Monday, July 19, 2010

Retort Canning and Vacuum Sealers

Retort Canning With A Vacuum Packer

Retort canning with a vacuum packer allows you to preserve your own food but with many advantages over traditional cans. Below, I explain how a regular vacuum packer used to package food in plastic can also be used to "can" food in high quality retort pouches.

Why Do Your Own Canning?

Many of those who do their own canning intend to distribute and sell their finished products. Canning allows the product to be shipped great distances and reach more customers. Transportation and other costs can be kept to a minimum as the final product also has a long shelf life.

Retort Canning

Retort canning is a process used by food producers to, not only produce they are easily transportable stored cans of food, but also to destroy any bacteria in the can.

Bacteria naturally occur everywhere can be present in fresh food. If eaten quickly, such bacteria present no threat to people due to existing only in tiny amounts. However, extra precautions must be taken when packaging or canning food because bacteria will multiply to dangerous levels if given enough time. Evacuating the air will ensure the food lasts longer but it will not get rid of the bacteria. For maximum shelf life, the food must be treated to destroy any bacteria.

Retort canning involves putting the food into a sealed container or vessel called a retort. This is then subjected to a high temperature heat cycle, which kills bacteria such as the deadly neurotoxin, clostridium botulism. This sterilization process is sometimes also called pasteurization.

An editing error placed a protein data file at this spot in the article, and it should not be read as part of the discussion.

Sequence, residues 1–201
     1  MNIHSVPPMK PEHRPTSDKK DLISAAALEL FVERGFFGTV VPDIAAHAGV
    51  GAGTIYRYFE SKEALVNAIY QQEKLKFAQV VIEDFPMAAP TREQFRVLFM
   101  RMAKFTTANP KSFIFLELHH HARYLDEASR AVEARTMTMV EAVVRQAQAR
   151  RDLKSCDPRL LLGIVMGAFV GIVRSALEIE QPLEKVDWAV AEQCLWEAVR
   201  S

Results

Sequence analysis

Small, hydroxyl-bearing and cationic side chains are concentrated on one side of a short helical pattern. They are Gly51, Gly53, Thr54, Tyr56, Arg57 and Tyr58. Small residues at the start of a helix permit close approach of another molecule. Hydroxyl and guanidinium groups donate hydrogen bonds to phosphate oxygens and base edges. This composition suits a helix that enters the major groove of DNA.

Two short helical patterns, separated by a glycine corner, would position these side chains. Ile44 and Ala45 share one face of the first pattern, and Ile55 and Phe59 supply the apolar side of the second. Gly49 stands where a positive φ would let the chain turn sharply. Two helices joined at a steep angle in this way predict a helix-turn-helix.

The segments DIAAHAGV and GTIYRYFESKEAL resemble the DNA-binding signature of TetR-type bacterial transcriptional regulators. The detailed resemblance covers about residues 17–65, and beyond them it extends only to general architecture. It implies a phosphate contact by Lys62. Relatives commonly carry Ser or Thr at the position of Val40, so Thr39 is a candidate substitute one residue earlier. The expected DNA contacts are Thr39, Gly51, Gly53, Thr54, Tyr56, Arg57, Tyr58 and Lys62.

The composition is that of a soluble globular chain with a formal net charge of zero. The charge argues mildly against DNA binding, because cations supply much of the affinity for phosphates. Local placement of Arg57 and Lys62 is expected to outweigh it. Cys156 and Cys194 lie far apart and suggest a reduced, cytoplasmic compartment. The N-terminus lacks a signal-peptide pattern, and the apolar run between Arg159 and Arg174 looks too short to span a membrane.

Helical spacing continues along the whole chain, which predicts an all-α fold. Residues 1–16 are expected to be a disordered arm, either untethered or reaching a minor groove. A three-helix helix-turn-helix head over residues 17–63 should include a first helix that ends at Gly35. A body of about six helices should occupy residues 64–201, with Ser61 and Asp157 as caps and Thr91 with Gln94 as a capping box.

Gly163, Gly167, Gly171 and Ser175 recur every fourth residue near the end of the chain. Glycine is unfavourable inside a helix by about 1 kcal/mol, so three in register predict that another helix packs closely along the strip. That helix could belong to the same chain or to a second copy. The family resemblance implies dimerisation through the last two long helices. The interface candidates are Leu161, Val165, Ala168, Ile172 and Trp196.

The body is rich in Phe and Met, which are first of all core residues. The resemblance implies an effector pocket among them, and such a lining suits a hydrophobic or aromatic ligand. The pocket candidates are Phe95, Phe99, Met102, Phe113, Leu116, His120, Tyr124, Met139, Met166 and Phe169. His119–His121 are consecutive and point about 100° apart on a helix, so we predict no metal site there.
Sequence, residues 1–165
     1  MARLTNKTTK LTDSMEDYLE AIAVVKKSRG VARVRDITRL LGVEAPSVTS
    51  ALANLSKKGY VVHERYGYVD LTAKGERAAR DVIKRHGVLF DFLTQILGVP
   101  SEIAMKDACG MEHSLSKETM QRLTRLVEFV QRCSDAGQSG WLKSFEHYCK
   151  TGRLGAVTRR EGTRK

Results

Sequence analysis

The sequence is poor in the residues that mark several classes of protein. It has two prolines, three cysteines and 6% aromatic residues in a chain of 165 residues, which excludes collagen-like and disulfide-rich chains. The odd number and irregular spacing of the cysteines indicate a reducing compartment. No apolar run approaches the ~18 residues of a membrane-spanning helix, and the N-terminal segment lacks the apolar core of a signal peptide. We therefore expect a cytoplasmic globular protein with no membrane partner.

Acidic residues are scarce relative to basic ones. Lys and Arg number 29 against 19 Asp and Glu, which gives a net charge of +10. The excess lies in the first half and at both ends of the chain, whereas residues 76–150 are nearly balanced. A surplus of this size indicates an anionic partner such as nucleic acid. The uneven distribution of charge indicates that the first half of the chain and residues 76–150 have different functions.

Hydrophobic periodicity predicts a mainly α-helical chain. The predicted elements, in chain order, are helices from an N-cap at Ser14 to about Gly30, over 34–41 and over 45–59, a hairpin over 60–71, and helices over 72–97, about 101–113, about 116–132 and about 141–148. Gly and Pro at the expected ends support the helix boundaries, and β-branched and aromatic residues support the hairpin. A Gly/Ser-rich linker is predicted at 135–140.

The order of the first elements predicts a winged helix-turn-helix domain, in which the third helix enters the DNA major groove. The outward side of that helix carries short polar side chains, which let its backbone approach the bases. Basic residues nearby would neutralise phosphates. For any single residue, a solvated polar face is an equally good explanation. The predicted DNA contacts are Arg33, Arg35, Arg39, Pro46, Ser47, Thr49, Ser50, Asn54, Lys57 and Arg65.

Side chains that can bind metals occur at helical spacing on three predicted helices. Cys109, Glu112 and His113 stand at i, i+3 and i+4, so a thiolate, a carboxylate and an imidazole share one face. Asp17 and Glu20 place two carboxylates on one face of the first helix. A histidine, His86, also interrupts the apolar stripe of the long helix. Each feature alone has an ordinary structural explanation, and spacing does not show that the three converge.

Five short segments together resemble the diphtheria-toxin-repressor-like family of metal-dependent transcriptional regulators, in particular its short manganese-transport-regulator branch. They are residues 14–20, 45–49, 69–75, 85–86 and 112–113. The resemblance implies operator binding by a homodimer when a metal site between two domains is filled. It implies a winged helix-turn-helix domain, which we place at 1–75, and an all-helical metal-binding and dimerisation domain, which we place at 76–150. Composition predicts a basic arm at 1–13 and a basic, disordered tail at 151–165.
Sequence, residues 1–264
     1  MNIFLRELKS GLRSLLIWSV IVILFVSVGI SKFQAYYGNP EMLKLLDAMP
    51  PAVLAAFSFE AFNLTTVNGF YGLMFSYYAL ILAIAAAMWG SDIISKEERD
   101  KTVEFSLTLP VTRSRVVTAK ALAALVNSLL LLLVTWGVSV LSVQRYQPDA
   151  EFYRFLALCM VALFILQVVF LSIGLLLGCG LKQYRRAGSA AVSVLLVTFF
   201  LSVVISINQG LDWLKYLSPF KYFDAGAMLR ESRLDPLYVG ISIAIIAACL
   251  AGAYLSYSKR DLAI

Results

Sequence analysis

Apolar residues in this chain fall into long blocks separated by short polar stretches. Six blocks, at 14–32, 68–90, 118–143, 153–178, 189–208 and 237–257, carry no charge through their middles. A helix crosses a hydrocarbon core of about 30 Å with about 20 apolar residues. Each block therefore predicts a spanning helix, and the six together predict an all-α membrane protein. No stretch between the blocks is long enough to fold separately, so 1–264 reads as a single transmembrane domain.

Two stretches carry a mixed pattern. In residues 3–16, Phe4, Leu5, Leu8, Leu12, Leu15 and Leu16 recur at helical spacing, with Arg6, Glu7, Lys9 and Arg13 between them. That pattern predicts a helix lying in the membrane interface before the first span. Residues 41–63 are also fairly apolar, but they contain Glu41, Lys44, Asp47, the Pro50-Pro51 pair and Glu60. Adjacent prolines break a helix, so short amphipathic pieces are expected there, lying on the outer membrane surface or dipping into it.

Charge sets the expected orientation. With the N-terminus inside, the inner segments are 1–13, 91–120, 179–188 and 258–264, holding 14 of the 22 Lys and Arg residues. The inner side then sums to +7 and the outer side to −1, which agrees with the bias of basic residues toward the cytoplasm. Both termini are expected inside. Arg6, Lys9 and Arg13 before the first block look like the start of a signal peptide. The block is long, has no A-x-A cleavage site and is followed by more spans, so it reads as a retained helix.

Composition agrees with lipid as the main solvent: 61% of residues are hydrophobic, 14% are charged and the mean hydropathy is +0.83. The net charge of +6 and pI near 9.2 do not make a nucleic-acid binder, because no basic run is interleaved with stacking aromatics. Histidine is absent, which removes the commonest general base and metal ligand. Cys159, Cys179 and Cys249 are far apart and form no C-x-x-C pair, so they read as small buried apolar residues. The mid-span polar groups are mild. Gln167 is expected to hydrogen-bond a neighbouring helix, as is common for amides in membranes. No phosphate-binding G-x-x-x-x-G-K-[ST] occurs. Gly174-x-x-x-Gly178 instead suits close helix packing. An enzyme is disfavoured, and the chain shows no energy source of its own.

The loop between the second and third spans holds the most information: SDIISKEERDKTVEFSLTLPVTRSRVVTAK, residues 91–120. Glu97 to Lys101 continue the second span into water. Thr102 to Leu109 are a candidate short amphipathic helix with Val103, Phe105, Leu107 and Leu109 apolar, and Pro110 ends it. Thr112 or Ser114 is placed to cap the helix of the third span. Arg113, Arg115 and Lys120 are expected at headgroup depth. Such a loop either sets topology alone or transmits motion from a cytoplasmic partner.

Canning With A Vacuum Packer

It is possible (and much cheaper compared to regular cans) to do your own retort canning with a vacuum packer.

Vacuum packers are usually used to seal food in plastic. The plastic pouch is evacuated of any air and a heat strip seals the open end. This is especially useful for dividing up a bulk food purchase.

They can also be used for retort canning. This requires the use of special retort pouches, which are a flexible plastic and metal foil laminate pouch that have become very popular on the supermarket shelf in recent years. In decades gone by, you may have seen them in the form of an MRE (Meal, Ready-to-Eat, a US military field ration).

Retort pouches hold many advantages over traditional cans. They do not easily corrode, are sturdy and inexpensive. Compared to glass, there is no risk of breakage from dropping.

Some vacuum packers are dual purpose and let you can using retort pouches. Because retort pouches are thicker than plastic packaging, they require greater heat to seal them and for the heat to be applied for longer.

Once the pouch is sealed, it can be subjected to a sterilizing heat cycle in a pressure cooker or via other means.


Machine4food said...

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Ernest said...

Great post! Thank you for the information.